Franklin County

Jordan Thomas.

Hugh B. Johnston Jr., “Looking Backward,” Wilson Daily Times, 4 December 1954.

This piece on Jordan Thomas is not entirely accurate. Franklin County native Jordan Thomas’ first wife was Charity Locus, a free woman of color. His second, Eliza, also seems to have been free. His third was Rosa Woodard, the enslaved daughter of London Woodard, who bore him a son, Peter.


In the 1810 census of Franklin County, North Carolina, were free colored heads of household Lettice Thomas and Eliza Thomas. One, perhaps Eliza, may have been Jordan Thomas’s mother.

Jordan Thomas married Charity Locus in 9 February 1837 in Edgecombe County, North Carolina.

In the 1840 census of District 17, Edgecombe County: Jerdan Thomas headed a household that comprised one male aged 24-35 and two females under 10. Nearby, Hearty Thomas, head of a household that included one male under 10; three females aged 10-24; one female 24-26; and one female 36-45. [Who was Hearty Thomas? Jordan Thomas named a daughter Harty.]

In the 1850 census of Gardners township, Wilson County: in the household of white farmer J.B. Woodard, farmer Jordon Thomas, 35, “free.” [Where were his wife and children?]

In the 1860 census of Gardners township, Wilson County: turpentine laborer Jordon Thomas, 50; daughters Henrietta, 21, Eliza, 20, and Harty, 18; and grandson John, 1.

In the 1870 census of Gardners township, Wilson County; farmer Jordan Thomas, 52, who reported owning $175 in real property and $100 in personal. Next door: Eliza Thomas, 52, Henriet, 35, Hariet, 30, Alfred, 9, Jordan, 7, John, 11, Charity, 10, and Henry, 6.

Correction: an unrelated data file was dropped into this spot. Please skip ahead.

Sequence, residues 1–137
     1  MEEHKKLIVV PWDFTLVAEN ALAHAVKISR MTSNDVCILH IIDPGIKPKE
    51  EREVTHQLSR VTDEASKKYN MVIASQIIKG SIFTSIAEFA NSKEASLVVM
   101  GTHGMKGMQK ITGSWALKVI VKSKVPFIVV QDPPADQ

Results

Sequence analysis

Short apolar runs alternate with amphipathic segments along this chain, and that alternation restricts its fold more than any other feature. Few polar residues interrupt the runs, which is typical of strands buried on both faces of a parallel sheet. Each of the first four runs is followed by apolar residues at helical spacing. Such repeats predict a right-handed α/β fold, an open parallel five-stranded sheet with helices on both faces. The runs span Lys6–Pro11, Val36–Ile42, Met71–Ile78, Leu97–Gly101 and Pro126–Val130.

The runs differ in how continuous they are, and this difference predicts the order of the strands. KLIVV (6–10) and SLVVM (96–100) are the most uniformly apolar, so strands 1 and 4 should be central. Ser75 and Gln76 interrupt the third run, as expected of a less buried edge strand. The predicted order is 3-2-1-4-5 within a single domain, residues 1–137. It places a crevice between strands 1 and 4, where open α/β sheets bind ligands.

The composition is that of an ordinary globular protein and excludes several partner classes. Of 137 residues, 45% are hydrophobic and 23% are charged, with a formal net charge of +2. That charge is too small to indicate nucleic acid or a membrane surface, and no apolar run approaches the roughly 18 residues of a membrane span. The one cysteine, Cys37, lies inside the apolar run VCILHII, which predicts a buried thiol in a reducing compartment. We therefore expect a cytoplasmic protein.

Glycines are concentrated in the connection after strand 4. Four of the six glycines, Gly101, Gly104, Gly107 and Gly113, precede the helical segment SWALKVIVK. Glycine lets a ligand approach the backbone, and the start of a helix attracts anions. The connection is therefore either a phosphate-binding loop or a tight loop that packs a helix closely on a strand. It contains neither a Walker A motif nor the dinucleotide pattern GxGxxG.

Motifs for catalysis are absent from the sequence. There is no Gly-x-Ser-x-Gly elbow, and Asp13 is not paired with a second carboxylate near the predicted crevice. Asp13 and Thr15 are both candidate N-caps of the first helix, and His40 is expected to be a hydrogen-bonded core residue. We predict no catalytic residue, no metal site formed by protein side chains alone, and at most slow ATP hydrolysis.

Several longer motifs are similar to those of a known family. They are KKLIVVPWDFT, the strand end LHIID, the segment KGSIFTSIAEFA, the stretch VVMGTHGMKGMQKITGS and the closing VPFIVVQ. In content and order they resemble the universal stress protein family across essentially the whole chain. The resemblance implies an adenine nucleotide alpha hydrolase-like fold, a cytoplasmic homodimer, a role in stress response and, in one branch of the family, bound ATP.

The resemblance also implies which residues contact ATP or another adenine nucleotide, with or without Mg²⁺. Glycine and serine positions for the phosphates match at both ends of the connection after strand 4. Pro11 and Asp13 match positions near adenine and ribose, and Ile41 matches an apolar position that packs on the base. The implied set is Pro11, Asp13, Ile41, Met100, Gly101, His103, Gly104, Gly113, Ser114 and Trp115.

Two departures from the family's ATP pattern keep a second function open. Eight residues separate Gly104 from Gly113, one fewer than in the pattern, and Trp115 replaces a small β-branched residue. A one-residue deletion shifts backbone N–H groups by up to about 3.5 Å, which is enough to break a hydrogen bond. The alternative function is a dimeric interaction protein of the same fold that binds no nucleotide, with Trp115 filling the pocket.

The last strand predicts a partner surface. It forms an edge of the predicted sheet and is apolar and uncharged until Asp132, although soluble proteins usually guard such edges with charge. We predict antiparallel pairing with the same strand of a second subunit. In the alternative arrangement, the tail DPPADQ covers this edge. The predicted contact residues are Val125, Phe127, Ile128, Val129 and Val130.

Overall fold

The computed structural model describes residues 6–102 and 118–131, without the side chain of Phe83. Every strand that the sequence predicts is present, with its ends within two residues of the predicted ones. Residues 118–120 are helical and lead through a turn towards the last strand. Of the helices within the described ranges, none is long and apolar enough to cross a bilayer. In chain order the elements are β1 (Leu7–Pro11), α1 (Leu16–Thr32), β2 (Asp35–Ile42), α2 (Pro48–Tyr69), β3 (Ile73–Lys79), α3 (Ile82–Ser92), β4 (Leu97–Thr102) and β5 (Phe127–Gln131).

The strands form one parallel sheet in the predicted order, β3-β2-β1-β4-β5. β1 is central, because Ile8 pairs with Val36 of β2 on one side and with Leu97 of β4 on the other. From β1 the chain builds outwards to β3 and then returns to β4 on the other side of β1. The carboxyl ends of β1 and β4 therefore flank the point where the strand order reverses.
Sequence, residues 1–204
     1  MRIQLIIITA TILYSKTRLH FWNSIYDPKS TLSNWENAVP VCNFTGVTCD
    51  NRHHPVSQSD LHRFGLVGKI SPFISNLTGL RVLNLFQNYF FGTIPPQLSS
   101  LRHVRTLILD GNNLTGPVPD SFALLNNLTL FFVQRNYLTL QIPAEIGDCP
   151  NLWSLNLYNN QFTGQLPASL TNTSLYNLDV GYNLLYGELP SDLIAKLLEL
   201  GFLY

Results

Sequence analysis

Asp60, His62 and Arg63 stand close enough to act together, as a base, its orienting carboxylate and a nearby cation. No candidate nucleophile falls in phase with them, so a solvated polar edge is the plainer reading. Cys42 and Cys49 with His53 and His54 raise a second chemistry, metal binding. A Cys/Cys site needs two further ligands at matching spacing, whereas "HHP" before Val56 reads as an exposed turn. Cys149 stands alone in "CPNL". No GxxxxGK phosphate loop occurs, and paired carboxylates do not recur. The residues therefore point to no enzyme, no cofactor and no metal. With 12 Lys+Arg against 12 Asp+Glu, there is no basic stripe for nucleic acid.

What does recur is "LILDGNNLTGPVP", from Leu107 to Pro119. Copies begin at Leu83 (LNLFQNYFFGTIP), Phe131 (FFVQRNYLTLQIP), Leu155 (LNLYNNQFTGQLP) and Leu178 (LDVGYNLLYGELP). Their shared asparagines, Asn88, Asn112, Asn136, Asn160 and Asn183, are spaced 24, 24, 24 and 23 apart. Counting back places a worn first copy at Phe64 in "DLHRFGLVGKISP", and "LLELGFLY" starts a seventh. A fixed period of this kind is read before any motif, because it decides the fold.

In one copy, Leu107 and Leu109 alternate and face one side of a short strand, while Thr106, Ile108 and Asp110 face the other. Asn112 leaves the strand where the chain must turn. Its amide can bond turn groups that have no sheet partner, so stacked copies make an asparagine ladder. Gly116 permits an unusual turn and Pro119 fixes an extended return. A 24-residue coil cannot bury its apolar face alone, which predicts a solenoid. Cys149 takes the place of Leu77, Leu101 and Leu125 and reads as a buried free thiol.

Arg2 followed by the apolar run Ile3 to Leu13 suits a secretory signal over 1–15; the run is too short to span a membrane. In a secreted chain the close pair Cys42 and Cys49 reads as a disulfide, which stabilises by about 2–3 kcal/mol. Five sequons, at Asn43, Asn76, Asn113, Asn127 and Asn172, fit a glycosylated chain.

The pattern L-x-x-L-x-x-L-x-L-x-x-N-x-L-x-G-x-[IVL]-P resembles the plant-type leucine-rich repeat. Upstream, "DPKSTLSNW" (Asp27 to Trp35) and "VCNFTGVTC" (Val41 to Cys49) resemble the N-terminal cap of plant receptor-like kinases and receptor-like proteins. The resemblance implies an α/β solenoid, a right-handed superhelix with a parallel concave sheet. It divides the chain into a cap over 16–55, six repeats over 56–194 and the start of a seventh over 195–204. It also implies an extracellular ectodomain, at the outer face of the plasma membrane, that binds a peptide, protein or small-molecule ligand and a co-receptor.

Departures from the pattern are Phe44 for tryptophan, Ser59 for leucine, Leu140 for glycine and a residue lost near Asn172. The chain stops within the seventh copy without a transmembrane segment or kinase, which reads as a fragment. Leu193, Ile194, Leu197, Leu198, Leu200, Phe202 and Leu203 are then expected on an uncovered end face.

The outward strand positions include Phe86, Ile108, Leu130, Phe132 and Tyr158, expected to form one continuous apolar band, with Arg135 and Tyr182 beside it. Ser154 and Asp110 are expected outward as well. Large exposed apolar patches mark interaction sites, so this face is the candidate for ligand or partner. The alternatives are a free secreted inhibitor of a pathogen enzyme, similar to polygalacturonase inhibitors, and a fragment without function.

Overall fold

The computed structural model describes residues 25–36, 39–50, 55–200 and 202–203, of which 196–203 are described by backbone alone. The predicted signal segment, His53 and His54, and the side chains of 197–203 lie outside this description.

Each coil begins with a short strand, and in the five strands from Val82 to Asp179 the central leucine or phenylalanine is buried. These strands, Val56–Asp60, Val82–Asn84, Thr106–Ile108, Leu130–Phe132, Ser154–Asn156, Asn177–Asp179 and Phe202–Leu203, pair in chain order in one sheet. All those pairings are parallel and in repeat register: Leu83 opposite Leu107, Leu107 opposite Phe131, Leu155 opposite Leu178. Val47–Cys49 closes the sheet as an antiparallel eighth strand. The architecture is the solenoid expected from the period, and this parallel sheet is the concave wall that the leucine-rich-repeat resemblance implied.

In the 1880 census of Gardners township, Wilson County: farmer Jordan Thomas, 68; daughters Henyeter, 42, and Harty, 40; and grandchildren John, 21, Charity, 18, Henry, 15, Jordan, 17, and Alfread, 18.

On 5 January 1881, Charity Thomas, 18, daughter of Warren Rountree and Henrietta Thomas, married Charley Hagans, 20, son of Richd. and Alley Hagans, at Jordan Thomas’ in Gardners township. London Woodard, Ed Hoskins and John Thomas were witnesses. ¬†[Charity Thomas’ father Warren Rountree was enslaved at the time of her birth.]

On 5 July 1899, Jordan Thomas made his mark on his last will and testament. Under its terms, “beloved daughters” Harty and Henretta Thomas received a life interest in the 11 acres upon which he lived in Gardners township adjoining the lands of Benjamin Finch, Benjamin Artis and T.W Barnes. After their deaths, the property was to go to grandchildren Jordan Thomas, Alfred Thomas and Charity Hagans. The will entered probate on 21 March 1901 in Wilson, presumably shortly after Thomas’ death.

In the 1900 census of Gardners township, Wilson County: farmer Jordan Thomas, 88, widower, and daughters Henrietta, 60, and Adline, 57.

Adline Thomas died 20 May 1926 in Gardners township, Wilson County. Per her death certificate, she was 91 years old; unmarried; was born in Edgecombe County to Jerdon Thomas of Franklin County and Chattie Thomas; and was buried in Rountree cemetery. Informant was Anderson Thomas. [“Adeline” was Harty Thomas.]